http://www.powells.com/s?header=Search+Form&kw=aryeh+kaplan
http://www.powells.com/s?header=Search+Form&kw=gershom+scholem

"matus.simkovic" wrote:
- most of the jewish kabala is disconnected nonsense (as I've been told by one chassid)

It doesn't matter that a chassid told you this, it is also incorrect.

"matus.simkovic" wrote:
Thus, Karlsson's book can be locally termed as the best book on qliphoth simply because there were no books on qliphoth.

Perhaps not in swedish, but certainly plenty of information about the qlipoth has been available in english, as the qlipoth are discussed in the Zohar and english translations of the Zohar have been available for over 30 years now.

I participated in a Dragon Rouge ritual with Karlsson and maybe 15-20 others, last year. It was fun, and interesting, but not personally mind-blowing. Some folks I spoke with afterwards really got a lot out of it, but they were new to magick and didn't have the years of experiences I've had. For me, it was similar to rituals I've done with the IOT, OTO, Wiccan circles, and random groups of assorted pagans/magicians/whatever. I'm not dissing the Dragon Rouge or Karlsson's work, just saying it was for me like any other ceremonial magick group ritual. It seemed to me that much of the "wow that was amazing" response was influenced by a bit of gooey-eyed "I can't believe I just did a ritual with Thomas Karlsson" hero-worship. If you strip away that part, it was simply a good, solid, well-led group ritual. I would participate in another one if the opportunity came up.

Karlsson's books and order are only slightly my cup of tea, but I think they're a very good example of someone presenting the results of their personal work and creating a system of magick based on that work. There's no reason he should have to reference Grant, or anyone else for that matter. It's up to every individual to get whatever they get out of another's personal work, and then track down references and source documents as we wish to work out our own path.


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 Anonymous
Joined: 50 years ago
Posts: 0
10/04/2012 11:38 am  

Follow the siren:
http://www.youtube.com/watch?v=5jVrdz1ObLs&feature=related

Truely a masterpiece created by Karlsson & co


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SatansAdvocaat
(@satansadvocaat)
Member
Joined: 11 years ago
Posts: 352
12/04/2012 4:12 pm  

Have just read David Beth's introduction to Karlsson's book for the first time and found it very stimulating, although I'm not exactly sure what he has in mind when he speaks of "The aims of the Sithra Ahra...." as though it was some sort of organised entity, or group of Qabbalists with a conscious agenda ?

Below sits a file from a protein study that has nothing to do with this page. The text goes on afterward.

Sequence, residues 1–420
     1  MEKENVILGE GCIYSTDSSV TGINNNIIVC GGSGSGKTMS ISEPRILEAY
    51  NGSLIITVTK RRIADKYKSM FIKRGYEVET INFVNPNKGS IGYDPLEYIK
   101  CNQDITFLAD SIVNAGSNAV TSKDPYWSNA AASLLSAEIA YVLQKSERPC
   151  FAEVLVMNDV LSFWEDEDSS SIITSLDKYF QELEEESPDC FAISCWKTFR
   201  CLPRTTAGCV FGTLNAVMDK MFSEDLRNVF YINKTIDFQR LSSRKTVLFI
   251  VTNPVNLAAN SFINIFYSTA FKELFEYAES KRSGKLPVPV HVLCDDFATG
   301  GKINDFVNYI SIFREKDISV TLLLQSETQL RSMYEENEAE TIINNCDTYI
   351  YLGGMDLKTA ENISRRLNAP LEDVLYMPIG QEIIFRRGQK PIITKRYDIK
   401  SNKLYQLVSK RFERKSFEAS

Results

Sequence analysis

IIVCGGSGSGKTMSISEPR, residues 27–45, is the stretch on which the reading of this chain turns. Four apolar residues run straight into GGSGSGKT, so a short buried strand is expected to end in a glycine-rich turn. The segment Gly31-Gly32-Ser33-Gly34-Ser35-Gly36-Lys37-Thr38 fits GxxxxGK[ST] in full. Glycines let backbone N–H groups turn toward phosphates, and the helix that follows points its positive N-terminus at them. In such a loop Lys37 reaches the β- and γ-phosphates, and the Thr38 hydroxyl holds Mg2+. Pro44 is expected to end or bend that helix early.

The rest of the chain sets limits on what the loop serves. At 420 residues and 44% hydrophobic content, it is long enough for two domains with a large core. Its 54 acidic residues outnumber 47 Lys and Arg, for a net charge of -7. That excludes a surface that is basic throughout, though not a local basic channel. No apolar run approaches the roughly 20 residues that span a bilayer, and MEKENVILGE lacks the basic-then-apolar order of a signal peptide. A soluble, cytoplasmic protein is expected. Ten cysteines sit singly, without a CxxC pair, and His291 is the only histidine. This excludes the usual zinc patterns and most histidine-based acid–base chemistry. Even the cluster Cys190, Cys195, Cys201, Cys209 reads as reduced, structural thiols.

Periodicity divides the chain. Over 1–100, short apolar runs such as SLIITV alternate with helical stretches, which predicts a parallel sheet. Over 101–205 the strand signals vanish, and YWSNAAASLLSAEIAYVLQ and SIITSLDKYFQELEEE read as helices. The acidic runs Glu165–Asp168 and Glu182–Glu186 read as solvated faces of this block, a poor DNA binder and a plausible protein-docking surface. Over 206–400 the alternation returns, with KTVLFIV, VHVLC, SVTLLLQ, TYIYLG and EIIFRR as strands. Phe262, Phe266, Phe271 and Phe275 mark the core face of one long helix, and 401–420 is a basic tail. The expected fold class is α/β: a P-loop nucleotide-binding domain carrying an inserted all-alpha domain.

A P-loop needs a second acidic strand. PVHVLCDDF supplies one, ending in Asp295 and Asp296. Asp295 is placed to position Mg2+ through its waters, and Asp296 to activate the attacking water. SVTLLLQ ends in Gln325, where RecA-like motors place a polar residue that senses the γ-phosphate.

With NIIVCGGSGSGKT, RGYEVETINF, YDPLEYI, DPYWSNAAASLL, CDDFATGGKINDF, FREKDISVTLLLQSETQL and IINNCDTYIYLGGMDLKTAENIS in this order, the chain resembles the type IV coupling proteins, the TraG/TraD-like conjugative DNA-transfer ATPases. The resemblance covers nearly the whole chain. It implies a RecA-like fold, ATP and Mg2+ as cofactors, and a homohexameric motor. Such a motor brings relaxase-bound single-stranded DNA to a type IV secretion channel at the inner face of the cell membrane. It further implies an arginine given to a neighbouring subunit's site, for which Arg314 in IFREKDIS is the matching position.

'Qabalah, Qliphoth and Goetic Magic'; well it achieves what its says in this label.  Found the Goetia section rather familiar, and superfluous to my interests and needs.  The academic standard is not that high, Karlsson seems to switch between scholarly presentation and the promotion of his own particular path for Dragon Rouge adherents.  To be fair, I think that the English translation does not entirely hit the spot in places.

The material on the Qabbalah of the Left, the 'Sitra Achra' or the 'Sitra di-Shamala' is generally good and comprehensive.  Actually, a substantial condensation of all of this material was made available in one of the more recondite Golden Dawn papers composed by Mathers, (I will check out the precise reference if anyone is interested), but there is more detail here.

The section on the Qlippothic Tunnels is disappointing and possibly misleading.  There is a nod to Kenneth Grant's seminal work on the Tunnels of Set, but the Goetic-Vodou-like sigils of the Genii of the Qlippoth are certainly not those of LIBER CCXXXI which is a Thelemic Holy Book and Grimoire as the original sigils clearly demonstrate.  Perhaps, it was for this reason that Karlsson gives his own, or possibly for copyright issues ?

Regards - S.A.


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SatansAdvocaat
(@satansadvocaat)
Member
Joined: 11 years ago
Posts: 352
13/04/2012 3:46 pm  

Well due to the overwhelming response of enthusiasm, here is that reference:

"The Qliphoth of the Qabalah" - "An instructional paper for students of the Golden Dawn Isis-Urania Temple.  Transcribed by W.E.H. Humphreys, 2 July 1900."  It is in most part a direct translation by MacGregor Mathers from the Latin text of Knorr von Rosenroth's 'Kabbala Denudata' - and for what its worth it knocks the socks off Karlsson's erudition.

Source: 'The Sorcerer and His Apprentice'  Edited and Introduced by R.A. Gilbert;, Aquarian Press 1983.  Gilbert omits the Hebrew names of the Qlippothic entities, presumably so casual readers do not get, at least, their fingers burned; which is a bit frustrating, although I seem to recall, Rosenroth's text does not include them either.

Regards - S.A.


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alysa
(@alysa)
Member
Joined: 12 years ago
Posts: 652
13/04/2012 7:20 pm  

Well, thank you very much Satan'sAdvocaat for that reference!


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pad631
(@pad631)
Member
Joined: 8 years ago
Posts: 51
15/04/2012 4:21 am  

@matus.simkovic

You are a pretty critical of nearly everything. So far as I could see .

Maybe we know each other.Such stile is familiar  to me from somewhere. If you were visiting Serbia.
But the coincidences are possible.
???
93